Jon: Is it the compression of background to foreground, the perspective, the fact that you are using longer focal lengths?

Darius: I don’t know what it is. It’s something very special.

Jon: Magic.

Darius: It’s magic. It gives me a pleasure that’s close to film, and it gives me a pleasure I have with anamorphic lenses.

Jon: Do you like the shallow depth of field? Or do you usually stop down?

Darius: I like shallow depth of field, but not extremely shallow because I have already seen too much of that. But I also don’t like deep focus unless it’s really necessary to tell a story or a moment in a scene. It is great to see deep focus in Citizen Kane or a Wes Anderson’s film, when it’s a style, when it’s something that’s proper to the film director’s telling the story. But I prefer selective focus, the personalized feeling of having the background slightly softer.

Jon: Maybe we should call ALEXA 65 “Larger Format” rather than Large Format? Do you only use Larger Format lenses on Alexa 65, or if you find Large Format / Full Frame lenses that you like, would you put an expander on it?

Darius: Yes. That’s what I do all the time. That’s sometimes a painful process because I love old glass, old lenses. I have some of them expanded to be able to have a wider-angle lens on the ALEXA 65 without cropping the sensor. The moment you start cropping this beautiful large sensor, it’s not the same.

Jon: How did this French guy come to America and do such amazing work with Fincher on Se7en?

Darius: This French guy got very lucky to do this very exciting American movie with this great director. It was very early on in my career and he had probably seen some commercials and music videos that I had done. He was, at that time, very big in commercials and music videos. He came to do a Nike commercial in Paris and asked me to do it with him. Then he sent me the Se7en script to read and I was lucky to do it.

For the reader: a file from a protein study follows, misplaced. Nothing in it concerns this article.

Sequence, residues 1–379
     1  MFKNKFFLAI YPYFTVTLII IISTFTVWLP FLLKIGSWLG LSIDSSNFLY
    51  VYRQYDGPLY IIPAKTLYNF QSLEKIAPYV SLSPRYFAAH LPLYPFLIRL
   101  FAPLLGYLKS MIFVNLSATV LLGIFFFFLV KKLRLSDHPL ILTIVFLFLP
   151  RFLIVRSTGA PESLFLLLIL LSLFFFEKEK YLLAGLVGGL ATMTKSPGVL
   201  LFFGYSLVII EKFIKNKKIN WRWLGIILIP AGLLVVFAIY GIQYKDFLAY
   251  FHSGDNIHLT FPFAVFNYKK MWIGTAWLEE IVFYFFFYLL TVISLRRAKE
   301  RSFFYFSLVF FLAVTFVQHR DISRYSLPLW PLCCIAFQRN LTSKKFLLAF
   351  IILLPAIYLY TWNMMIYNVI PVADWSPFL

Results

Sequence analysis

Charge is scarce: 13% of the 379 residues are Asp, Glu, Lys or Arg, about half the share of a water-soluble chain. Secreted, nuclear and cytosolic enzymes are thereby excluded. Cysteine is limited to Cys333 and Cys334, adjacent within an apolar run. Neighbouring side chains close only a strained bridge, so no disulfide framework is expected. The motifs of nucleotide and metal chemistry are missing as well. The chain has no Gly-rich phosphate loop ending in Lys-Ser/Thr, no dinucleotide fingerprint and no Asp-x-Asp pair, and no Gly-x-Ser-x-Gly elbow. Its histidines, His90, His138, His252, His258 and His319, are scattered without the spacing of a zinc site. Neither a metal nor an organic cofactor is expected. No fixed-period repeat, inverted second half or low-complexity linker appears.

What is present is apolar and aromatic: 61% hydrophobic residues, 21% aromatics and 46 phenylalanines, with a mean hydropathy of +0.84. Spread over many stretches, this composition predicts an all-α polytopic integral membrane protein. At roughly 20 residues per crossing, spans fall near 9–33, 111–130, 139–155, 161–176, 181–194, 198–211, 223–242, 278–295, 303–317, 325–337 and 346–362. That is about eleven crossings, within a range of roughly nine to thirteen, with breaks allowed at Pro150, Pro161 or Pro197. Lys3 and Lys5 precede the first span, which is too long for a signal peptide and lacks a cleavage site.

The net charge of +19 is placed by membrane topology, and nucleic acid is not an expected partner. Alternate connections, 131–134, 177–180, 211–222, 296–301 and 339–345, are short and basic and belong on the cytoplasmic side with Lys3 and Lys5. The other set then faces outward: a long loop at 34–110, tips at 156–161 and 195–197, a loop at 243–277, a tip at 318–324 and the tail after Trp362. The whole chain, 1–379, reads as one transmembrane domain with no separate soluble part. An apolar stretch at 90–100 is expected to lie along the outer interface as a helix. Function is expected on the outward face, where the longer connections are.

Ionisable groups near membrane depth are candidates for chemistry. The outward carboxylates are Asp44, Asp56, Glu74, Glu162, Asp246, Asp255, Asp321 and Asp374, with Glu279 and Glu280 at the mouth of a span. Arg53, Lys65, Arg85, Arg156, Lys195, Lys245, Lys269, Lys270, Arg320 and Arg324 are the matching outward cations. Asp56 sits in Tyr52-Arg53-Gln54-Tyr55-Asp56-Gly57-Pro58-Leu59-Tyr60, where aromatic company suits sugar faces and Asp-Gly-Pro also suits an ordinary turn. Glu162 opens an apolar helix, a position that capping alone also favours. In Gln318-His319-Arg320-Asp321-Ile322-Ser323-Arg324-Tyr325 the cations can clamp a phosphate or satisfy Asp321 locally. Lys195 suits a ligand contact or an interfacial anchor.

Jon: You did a lot of great big budget commercials. Do you prefer commercials or features?

Darius: I really love movies the most. I always did commercials, from the beginning. I did commercials in between movies so as not to do just any movie, because I had to live, to earn my living. Very soon, I had a wife and children and I also had to think about the practicalities. I didn’t want to compromise myself, and my wife agreed, not to compromise by doing movies that I didn’t really fully care for. When I started my career, I was doing commercials and short films. I worked with a new commercial production company and I was always testing and experimenting. In the mid 80s, we did cross processing, pushing the negative, pulling, shooting with Ilford, Agfa, Fujifilm and Kodak. Some young people started a film lab called Les Trois Lumières, the Three Lights. They were just out of film school. I used their lab for lots of experimentation, for example a black and white film that we printed on black and white sound stock.

When I started shooting features, I figured, well, let’s continue doing commercials in between movies. Sometimes I found myself getting carried away shooting too many commercial because they were paying great money. I found that I was not doing enough movies. Much later, I corrected this, and now I’m doing mostly movies and very few commercials. I just happened to do three movies in a row, without a single commercial in between.